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First With the Head, Then With the Heart.

2011 Escape from Alcatraz Triathlon Race Report – 2.4km swim, 1km run, 29km cycle, 13km run

"Alcatraz was never no good for nobody." - Frank Weatherman, last prisoner to leave Alcatraz

 

Spontaneously in mid-October 2010 I entered the lottery for the 2011 Escape from Alcatraz Triathlon. January 28th, 2011 I received the confirmation e-mail that I was one of the lucky 2000 participants. June 5th, 2011 I stood on the deck of the San Francisco Belle waiting for the guy who had just jumped off the deck to reappear above the surface for my own turn to launch myself into the icy, 9 degree Celsius brackish waters to which great white and mako sharks call home.

 


Swim for the Chocolate

In it’s 29 year history no prisoner ever recognizably escaped from Alcatraz. Few prisons offer inmates the privilege of hot showers. Alcatraz, however, did. The powers that be didn’t want prisoners to acclimatize to freezing cold water so that prisoners could feel more confident in attempting escape. For the past 31 years triathletes from all walks of life have been jumping at the opportunity to tackle the challenge of swimming from Alcatraz across the bay.

The currents in the bay are quite strong and the waters can be rather rough. Siting is incredibly important. Race organizers tell you to look for two 1970’s era apartment buildings as your first landmark. Myself? I’d rather focus on the building next door – the Ghirardelli Chocolate Factory.

I mean seriously. You’ve been up since 3:30am, you racked your bike in the pitch black at 4:30am, shuffled groggily onto a shuttle bus around 5:00am, nervously trudged around 6:00am onto the boat that becomes the start line, suffered through the tension of over 2,000 wet-suited triathletes, watched waves crash violently upon the rocks of Alcatraz Island, felt the boat list as the doors opened for the start at 7:30am, witnessed hundreds of swimmers thrashing madly in snow-melt-infused chilled waters knowing it was only 3 more seconds until you joined them. As the water hits your face and the temperature shock makes you hyperventilate do you really want your first thought to be “where are those ugly buildings” or do you want it to be “rich dark chocolate cocooning smooth caramel”?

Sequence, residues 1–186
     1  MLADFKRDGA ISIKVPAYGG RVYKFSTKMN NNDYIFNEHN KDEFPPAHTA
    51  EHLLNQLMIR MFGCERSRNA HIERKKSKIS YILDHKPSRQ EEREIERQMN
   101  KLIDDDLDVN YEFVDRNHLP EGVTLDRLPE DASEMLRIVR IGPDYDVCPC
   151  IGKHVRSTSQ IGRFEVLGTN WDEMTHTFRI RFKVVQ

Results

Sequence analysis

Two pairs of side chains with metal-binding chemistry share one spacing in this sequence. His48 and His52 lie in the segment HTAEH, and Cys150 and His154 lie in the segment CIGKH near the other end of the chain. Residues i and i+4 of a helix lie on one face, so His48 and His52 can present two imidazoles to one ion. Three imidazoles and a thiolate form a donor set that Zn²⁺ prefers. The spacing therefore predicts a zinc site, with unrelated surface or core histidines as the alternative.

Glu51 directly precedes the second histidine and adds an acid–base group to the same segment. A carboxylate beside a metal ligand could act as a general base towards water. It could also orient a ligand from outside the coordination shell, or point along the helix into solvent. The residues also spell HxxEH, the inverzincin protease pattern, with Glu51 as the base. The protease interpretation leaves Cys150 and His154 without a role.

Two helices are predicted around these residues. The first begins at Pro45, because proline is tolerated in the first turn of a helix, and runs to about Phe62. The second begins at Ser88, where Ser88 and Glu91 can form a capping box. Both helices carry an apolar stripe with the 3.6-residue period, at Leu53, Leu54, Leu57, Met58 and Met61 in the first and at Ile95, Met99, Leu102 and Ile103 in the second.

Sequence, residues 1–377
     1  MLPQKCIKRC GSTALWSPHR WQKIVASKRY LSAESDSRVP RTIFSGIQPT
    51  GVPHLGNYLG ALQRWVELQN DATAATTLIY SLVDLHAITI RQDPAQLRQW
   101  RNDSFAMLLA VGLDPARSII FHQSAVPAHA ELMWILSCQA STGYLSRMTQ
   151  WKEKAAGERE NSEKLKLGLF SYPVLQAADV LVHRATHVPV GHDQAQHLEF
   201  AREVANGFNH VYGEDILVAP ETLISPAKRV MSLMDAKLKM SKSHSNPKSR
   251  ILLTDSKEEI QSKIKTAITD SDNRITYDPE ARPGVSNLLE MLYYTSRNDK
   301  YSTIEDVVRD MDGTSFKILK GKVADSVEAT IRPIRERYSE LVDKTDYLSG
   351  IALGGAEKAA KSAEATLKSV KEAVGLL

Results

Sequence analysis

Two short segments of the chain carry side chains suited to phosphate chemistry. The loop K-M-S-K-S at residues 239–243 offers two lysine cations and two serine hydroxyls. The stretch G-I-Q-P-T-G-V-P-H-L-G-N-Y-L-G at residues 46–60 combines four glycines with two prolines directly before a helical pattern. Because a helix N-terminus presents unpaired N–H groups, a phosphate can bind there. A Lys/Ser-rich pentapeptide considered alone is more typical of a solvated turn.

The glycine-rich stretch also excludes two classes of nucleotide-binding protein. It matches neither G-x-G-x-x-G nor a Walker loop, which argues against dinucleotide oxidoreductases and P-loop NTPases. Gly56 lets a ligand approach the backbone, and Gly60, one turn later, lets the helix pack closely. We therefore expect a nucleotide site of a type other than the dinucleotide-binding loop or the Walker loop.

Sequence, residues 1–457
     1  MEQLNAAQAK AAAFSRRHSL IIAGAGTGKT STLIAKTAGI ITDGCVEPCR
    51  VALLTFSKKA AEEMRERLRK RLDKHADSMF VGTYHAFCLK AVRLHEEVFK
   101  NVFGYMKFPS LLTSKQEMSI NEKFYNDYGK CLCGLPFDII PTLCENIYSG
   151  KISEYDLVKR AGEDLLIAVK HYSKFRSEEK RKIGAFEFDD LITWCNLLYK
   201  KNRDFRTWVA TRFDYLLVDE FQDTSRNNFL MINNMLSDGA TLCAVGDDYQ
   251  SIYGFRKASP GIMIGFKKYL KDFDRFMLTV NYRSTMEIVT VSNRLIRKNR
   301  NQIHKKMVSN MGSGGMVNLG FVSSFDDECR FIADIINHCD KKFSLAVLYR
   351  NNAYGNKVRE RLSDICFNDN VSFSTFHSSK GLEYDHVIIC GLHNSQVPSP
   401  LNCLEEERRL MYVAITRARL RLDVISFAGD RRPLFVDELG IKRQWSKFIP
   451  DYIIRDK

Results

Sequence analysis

I swam for the chocolate.

There are three other easy landmarks as you swim on a bit of a hockey stick curve from swim start to finish. 15 minutes of hard swimming, bumping and clambering over other swimmers, cutting through rising swells and suddenly you feel the current turn.

The San Francisco Bay flows like a river so at some point you get a nice 8km per hour push on your back. Even still there’s about 10 minutes that follow where no discernible landmark is visible. Just make sure there are more swimmers on your right than your left. The swimmers on the right are going to overshoot the swim exit and loathe every second of it as they battle back against that 8kph current.

32 minutes after jumping into the Bay I had completed the 2.4km swim and was making my way to the bike transition.

Pfffffffftttt….

The swim is certainly the most nerve racking deterrent for participants and onlookers, however, the rest of the triathlon should not be underestimated. The Escape from Alcatraz triathlon is a little unique in that as you exit the water there is an optional mini-transition to shed your wetsuit and throw on running shoes as your bike is still racked 1000m away.

The 29km bike course rolls through the Presidio Hills of San Francisco. Long, steep uphill climbs coupled with nightmarishly fast downhills featuring hairpin and 90 degree turns are signature elements of the bike course. Confident (read death-defying) cyclists hit speeds upwards of 85kph on pieces of machinery that weigh less than a few pounds. One small mistake and much more than the race is over.